Solution in Search of a Problem

Years ago I had a Canon GL-1 camcorder, and it came with this massive battery that allowed for 3 or 4 hours of continuous operation. It was one of those generic aftermarket batteries so after a few months the casing started to split apart and would no longer stay attached camera. So for the past 3 years I have been carrying this around with me:

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It’s a 6 cell Li-ion battery pack that outputs 7.2V (6600mAh!) 2S3P configuration. The cells are unbranded 18650 cells, however what makes this pack special is a small protection PCB and self-reseting fuse that prevents the battery from turning into a flaming ball of lithium. Li-ion cells are very sensitive to overcharging and overdrawing. Hobbyists have gotten 3rd-degree burns and set their houses on fire from improper use of Li-ion batteries.

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So now that I’ve got this dangerous awesome battery pack I need some application for it. I’ve thought about hacking up an old cordless drill and swapping the NiCd cells for these, or adding them to a small battery powered toy just for fun. However I am leaning towards a more practical use. I want to use them as the power source for an insane bike light.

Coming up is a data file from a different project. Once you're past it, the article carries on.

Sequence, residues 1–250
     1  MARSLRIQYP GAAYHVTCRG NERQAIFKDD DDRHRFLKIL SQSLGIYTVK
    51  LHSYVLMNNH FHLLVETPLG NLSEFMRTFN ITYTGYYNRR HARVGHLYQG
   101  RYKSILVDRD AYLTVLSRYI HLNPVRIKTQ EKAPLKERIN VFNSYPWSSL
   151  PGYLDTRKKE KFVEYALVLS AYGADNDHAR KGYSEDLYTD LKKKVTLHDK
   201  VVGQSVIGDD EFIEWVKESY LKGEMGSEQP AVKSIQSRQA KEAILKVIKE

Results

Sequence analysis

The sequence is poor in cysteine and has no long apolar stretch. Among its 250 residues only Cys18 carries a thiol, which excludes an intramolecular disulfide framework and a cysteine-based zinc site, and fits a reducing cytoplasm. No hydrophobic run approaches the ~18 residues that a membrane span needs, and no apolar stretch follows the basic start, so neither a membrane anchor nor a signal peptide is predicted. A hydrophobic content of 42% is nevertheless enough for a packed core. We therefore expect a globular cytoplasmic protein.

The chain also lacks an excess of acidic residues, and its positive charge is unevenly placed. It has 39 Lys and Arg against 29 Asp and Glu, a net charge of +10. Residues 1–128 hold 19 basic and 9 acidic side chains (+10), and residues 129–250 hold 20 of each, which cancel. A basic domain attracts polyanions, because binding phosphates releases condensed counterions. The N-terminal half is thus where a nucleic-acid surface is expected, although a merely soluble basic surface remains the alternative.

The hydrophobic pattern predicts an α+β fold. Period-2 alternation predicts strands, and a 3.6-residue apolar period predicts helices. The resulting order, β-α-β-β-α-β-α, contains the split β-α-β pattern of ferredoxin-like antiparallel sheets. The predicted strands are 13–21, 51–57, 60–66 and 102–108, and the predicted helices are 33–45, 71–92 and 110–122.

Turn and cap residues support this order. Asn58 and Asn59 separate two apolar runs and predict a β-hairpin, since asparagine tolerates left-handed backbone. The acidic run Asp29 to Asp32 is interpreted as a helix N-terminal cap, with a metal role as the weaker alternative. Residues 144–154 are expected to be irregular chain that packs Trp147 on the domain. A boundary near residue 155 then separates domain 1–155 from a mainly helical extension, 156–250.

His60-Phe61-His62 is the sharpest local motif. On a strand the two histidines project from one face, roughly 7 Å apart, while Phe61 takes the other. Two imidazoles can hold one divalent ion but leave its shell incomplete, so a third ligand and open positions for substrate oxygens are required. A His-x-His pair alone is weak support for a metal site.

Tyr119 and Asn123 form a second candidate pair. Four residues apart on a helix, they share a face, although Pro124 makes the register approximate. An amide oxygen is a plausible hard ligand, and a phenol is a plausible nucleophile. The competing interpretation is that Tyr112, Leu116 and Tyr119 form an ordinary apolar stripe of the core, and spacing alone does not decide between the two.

I occasionally mountain bike during the day, but I’ve been wanting to go out on night rides. You need some serious lighting equipment to keep you from running face first into a tree at 20mph. Most guys run HID setups which run $250-500. My DIY light won’t be as bright, but should still blind most oncoming traffic. I am planning on making this a helmet mounted light with the battery back stored in my camel bak. The head lamp must be as light as possible because a heavy light can really strain your neck after you’ve been wearing it for several hours. Here’s the plan:

  • Seoul Semiconductor P7 LED ~700-900 lumens
  • Machined aluminum housing, optimized for heat transfer and weight
  • Buck converter to drop voltage down from battery
  • Completely sealed system, should handle rain easily

That’s it for now. The next step is to pick out a driver and start creating drawings for the housing.

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